I love watching Dr Who, also any of those gloom-laden detective thrillers currently on television … The trouble is, I often fail to understand the plot, and have to ask my teenage daughter to explain. It may be gaps in my grey matter, it may well be the increasing existential complexity of life in the Tardis, but it may also be the fact that I tend to fall asleep at crucial moments and miss the clues. I was always a bit like that. I would never be able to identify with a Time Lord, let alone Philip Marlowe or Jackson Brodie, being far too dozy and unfit.
I often wonder how you fiction writers plan out your plots and scripts. Flow charts, index cards, Cluedo boards, spread sheets? For all I know there’s something clever on your Mac which ensures that continuity and logic hold your stories together. Mind you, Raymond Chandler never really mastered those skills, did he, yet he remains a genius.
The planning of children’s non-fiction is of course very different – which is not to say it shouldn’t include leaps of imagination. The key planning stage for any information book is a detailed synopsis. This is the element of the work that deserves to have the most time spent on it, although nobody would guess that from the stage payments listed in our contracts. It provides the nuts and bolts on which the whole edifice depends, so it is absolutely crucial that it works. What is more, the structuring can provide hours of relatively wholesome fun! Really!
The conundrum starts with the choice of a topic. Is the subject to be sliced vertically or horizontally? Is a history book best ordered by themes, by chronology, by locations, by artefacts or by personalities? Is a book on wildlife best ordered by species or by habitats? This is rather like the problem faced by us all when we put CDs on a shelf: do we order them by artist, by title, by date or by genre? (Being a sad person, I find that quite enjoyable, too!). There may be no ’correct’ answer, but any solution must be guided by a strictly logical progression if it is to fulfill its objective – communication with the reader.
The exposition may be shaped by other factors, too. Is the topic best explored in chapters or in a succession of discrete double-page spreads? How many pages are left to play with once the prelims and the ever burgeoning end matter is taken into account? Could some of that information be better placed within the main section of the book? A picture list is generally part and parcel of the synopsis, because, for the children’s market, visuals are as important as text. Plan in pictures! And that’s fun too.
And if relentless logic reduces your attack to a plod or a grind, there are all sorts of clever ways of varying the pace or upping the tempo. Take your pick of the tricks: practical activity panels, amazing fact boxes, in-your-face visuals or all those clever gimmicks such as pull-outs, pop-ups, or bees that really buzz. In a less showy book, a case study panel can bring the reader down to earth from a wider or more theoretical debate, changing the focus to a more personal one.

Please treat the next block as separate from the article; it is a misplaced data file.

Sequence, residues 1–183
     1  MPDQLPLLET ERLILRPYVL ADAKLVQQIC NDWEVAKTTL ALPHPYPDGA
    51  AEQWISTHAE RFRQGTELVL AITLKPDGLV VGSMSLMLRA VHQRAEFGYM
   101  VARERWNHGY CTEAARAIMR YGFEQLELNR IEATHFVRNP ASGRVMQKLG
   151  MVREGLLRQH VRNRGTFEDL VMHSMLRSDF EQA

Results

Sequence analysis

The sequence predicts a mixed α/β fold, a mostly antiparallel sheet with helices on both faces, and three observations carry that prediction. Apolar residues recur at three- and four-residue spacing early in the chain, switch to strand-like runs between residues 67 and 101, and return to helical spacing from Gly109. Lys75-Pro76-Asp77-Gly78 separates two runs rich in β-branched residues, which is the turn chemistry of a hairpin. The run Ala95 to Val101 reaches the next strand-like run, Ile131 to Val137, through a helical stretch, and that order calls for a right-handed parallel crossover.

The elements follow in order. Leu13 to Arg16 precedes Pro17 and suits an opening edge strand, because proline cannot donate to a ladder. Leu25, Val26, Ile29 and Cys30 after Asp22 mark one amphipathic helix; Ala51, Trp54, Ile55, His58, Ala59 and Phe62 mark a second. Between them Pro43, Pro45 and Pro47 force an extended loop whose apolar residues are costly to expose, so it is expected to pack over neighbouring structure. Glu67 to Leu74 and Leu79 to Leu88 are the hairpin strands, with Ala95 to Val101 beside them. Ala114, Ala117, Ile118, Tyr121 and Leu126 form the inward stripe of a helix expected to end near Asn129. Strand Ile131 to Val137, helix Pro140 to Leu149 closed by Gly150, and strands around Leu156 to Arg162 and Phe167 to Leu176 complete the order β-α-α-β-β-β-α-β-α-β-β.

Other wake-up devices can be nicked from the world of fiction, such as introducing narrative elements, or bringing an event out from its natural chronological order to provide a dramatic ‘hook’ at the beginning.
In the Jurassic era of my schooling I had an inspired teacher who would allow one ‘Red Herring’ question in class each week. This would send him off the curriculum into all kinds of perfectly irrelevant avenues of anecdote and inquiry – and I remember every one of them to this day, long after the proper lesson has been forgotten. The web offers that wonderful kind of freedom, too – but it should come with a health warning.
The general format of websites is rarely suited to a thorough, logical exploration of a topic. The links tend to divert the reader along tangents, many of them leading to dead ends. And watch out, fiction will not be not immune from this tendency as it goes electronic. This week on Radio 4 the head of Penguin Books seemed to welcome the fact that in future readers would no longer read a Jane Austen novel straight through, but would be encouraged to digress into Jane Austen recipes or sharing the Jane Austen experience on social networking sites.
Nevertheless, I am told that the future is electronic and that children’s non-fiction in paper format is doomed, so perhaps my wise words on structure are the equivalent of a monk telling Wiliam Caxton the best way to cut a goose feather. Should we be welcoming in the age of electronic incoherence more wholeheartedly and positively? The Time Lord may say, ‘Yes!’, but I suppose I say, ‘Well OK, but please give us the chance to make it more coherent. Book writers do know how to present information in ways that work.’
If you listen to a wonderful piece of music, you don’t notice the nuts and bolts engineered by the composer. If you listen to a great poem you don’t notice intricacies of metre and structure – until you sit down and study it. Children’s non-fiction may not aspire to such heights, but a lot of structural work must happen before a book works well enough, unobtrusively, to communicate and inspire.
Before I shut up, may I briefly return to the plotting of fiction? I was watching a You Tube clip recently of good old Kurt Vonnegut discussing the ‘Shapes of Stories’. (Was it a Dragontongue member who recommended it orginally?) Vonnegut draws out graphs of standard plot progressions along the axes Beginning > End and Good Fortune > Ill Fortune. Have a watch! http://www.youtube.com/watch?v=oP3c1h8v2ZQ . Non-fiction books may not be concerned so much with the decline from good fortune to ill fortune, but alas such plots are read by their authors all too often – in their bank statements or on their royalty cheques! How much does one earn for an episode of Dr Who, I wonder? Tell me how it’s done!